Someone once said of The Velvet Underground's first album that only 1,000 people bought it, but every one of them started a band. After reading Building a Better Robot, you might feel similarly about the first incarnation of the Mr. Roboto Project.
Active between 1999 and 2010, the cooperatively run, volunteer-operated music venue occupied a Wilkinsburg storefront, where it mostly featured shows by local and touring underground punk bands. It hosted audiences of only about 100, and the place ran on a shoestring: Because the shows were all-ages, there were no alcohol sales. Yet Roboto was culturally significant out of all proportion to its size and resources.
The venue began after musicians Mike Q. Roth and Eric Meisberger visited a similar co-op while visiting Baltimore. Roboto brought Pittsburgh punk out of local basements and sometimes-inhospitable bars. It became a key touring stop on the East Coast punk circuit, luring bands that previously skipped Pittsburgh, and hosting names like Bright Eyes and Ted Leo. It nurtured local talents like Anti-Flag, Modey Lemon, Caustic Christ and Kim Phuc. And the venue's success arguably inspired Pittsbugh's new wave of small, independent, often non-bar music venues.
But Roboto was "more than just a venue. It's a community of people who give a fuck," Max Gregg, of the band Allies, says in Better Robot. Thanks to its radical, community-building ethos, Roboto changed Pittsburgh in nonmusical ways, too. In an adjacent space staffed by some of the same folks, for instance, were born the Free Ride bike co-op and the Big Idea bookstore, both still thriving in other locations. Roboto also birthed a lively, often contentious online message board, now independent of the venue and called Never Tell Me the Odds.
Building a Better Robot is a self-published, large-format paperback, created by Roboto stalwarts Roth, Andy Mulkerin and Missy Wright, with funding from the Sprout Fund. Mulkerin, who is City Paper's music editor, wrote the even-handed prose documenting Roboto's history. Five Roboto regulars contribute short essays, and there's a brief roundtable by four female Roboto members about gender issues in the male-dominated scene.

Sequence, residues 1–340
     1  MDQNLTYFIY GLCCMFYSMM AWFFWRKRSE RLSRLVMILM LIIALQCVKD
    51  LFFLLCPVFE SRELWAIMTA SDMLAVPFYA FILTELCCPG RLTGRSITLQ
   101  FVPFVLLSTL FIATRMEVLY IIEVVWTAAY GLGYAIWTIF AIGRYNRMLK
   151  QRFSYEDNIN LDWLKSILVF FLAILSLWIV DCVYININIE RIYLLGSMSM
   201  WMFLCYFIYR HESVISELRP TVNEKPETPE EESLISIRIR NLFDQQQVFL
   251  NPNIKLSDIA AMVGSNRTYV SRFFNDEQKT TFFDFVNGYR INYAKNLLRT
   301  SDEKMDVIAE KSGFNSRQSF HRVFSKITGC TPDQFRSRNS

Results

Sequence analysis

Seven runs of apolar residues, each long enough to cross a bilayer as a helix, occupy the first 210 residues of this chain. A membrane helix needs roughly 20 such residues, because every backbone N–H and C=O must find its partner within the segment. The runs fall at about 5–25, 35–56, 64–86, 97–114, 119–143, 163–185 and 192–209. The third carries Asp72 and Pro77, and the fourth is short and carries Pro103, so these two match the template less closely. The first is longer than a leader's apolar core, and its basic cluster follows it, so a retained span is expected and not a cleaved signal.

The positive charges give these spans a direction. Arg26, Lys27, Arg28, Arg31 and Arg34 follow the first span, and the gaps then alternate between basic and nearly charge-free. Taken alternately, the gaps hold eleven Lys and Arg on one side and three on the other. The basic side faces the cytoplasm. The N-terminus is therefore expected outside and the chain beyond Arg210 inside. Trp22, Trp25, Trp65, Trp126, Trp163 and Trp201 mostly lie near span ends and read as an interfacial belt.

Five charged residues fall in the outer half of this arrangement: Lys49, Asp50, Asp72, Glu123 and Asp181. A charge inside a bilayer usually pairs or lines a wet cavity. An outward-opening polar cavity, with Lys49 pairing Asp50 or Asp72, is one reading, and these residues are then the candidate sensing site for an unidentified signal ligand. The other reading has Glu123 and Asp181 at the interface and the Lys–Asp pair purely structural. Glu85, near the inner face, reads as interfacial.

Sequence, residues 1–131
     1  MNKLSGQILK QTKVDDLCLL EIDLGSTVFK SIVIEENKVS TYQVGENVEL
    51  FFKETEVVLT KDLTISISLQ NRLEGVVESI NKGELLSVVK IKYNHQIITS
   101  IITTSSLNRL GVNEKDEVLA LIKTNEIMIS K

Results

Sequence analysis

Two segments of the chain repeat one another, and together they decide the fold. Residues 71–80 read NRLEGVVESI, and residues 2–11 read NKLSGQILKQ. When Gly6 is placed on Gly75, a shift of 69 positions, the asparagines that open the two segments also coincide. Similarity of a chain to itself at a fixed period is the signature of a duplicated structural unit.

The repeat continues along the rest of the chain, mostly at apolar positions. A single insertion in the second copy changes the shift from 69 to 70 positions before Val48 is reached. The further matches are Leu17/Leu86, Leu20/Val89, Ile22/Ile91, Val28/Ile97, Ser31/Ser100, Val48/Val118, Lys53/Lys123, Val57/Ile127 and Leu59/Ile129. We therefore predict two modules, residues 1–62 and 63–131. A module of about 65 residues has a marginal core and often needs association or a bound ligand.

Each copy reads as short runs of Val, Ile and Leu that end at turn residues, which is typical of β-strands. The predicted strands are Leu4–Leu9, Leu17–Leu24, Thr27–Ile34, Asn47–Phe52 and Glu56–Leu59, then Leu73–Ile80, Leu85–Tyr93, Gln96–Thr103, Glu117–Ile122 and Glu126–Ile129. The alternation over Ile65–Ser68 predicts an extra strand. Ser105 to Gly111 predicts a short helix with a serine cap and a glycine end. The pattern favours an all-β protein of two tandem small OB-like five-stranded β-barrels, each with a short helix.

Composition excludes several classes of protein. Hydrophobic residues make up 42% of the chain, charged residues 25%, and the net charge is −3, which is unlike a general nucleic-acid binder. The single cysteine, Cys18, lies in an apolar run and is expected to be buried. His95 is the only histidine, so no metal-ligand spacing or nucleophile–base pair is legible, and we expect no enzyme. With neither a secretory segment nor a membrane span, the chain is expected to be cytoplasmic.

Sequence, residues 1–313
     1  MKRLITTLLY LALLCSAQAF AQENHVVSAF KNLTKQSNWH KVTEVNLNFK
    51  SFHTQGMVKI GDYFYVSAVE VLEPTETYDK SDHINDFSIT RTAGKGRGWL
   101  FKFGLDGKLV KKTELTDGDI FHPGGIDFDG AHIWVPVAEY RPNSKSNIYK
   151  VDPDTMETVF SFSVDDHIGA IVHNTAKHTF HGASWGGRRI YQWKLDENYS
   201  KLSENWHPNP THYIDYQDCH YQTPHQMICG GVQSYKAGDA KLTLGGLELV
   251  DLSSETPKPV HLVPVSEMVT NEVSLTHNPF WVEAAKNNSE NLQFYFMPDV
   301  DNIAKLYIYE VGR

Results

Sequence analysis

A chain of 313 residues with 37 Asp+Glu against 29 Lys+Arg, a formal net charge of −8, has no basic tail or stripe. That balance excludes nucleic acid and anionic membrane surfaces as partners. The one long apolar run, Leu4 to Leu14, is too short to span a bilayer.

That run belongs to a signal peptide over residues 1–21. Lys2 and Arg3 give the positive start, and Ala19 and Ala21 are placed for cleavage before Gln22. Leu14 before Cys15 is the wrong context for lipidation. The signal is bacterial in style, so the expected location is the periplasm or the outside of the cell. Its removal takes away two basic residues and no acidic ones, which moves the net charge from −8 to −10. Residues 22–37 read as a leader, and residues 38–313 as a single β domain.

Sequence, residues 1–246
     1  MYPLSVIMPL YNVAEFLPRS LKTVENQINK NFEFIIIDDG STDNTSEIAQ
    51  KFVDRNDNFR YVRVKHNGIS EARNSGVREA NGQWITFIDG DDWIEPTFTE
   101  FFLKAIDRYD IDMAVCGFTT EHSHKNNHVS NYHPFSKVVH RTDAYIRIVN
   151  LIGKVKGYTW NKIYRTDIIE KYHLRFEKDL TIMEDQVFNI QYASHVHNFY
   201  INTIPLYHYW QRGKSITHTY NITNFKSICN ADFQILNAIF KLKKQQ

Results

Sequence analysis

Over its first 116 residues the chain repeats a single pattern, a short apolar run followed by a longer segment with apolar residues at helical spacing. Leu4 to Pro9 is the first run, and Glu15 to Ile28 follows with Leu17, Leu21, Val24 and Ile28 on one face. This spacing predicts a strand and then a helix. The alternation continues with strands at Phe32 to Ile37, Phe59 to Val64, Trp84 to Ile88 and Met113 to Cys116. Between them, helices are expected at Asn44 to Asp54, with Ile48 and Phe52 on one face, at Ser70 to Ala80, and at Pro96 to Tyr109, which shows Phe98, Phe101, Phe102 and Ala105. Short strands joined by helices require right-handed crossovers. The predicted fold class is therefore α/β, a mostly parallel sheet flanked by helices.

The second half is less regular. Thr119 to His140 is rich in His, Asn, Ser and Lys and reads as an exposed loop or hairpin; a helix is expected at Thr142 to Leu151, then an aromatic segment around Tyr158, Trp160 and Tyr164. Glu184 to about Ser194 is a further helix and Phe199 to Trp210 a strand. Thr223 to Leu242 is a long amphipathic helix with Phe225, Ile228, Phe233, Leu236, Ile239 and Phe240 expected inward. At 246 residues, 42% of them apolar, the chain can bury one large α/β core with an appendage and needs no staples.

Meanwhile, some 130 of the book's 192 pages are devoted to photos, mostly of concerts. These churning arrays of circle-pitters, fist-pumpers and flying-leapers were captured by photographers including Wright, Shawn Brackbill and Tanner Douglass. Accompanying the photos are oral-history testimonies recalling everything from great and terrible shows to Roboto's legendary iced-tea-chugging contests. Also included: a DVD featuring songs (and some video) by 37 local bands that played Roboto.
What the photos might communicate best is the egalitarian nature of a venue that didn't even have a stage: Often, it's hard to tell the band from the audience, with both blending in the guitars-and-drums ruckus. As Ian Ryan puts it, "I feel like often the crowd was there to entertain the bands just as much as the bands were there to entertain the crowd."
Roboto closed in 2010, by which time it was competing with several more centrally located venues booking similar music. Last fall, a new incarnation opened on Penn Avenue, in Bloomfield. As Doug Mosurock writes in the book's forward: "The Mr. Roboto Project was then, and is now, a symbol of what can be done when you have a small group of people united behind a common cause."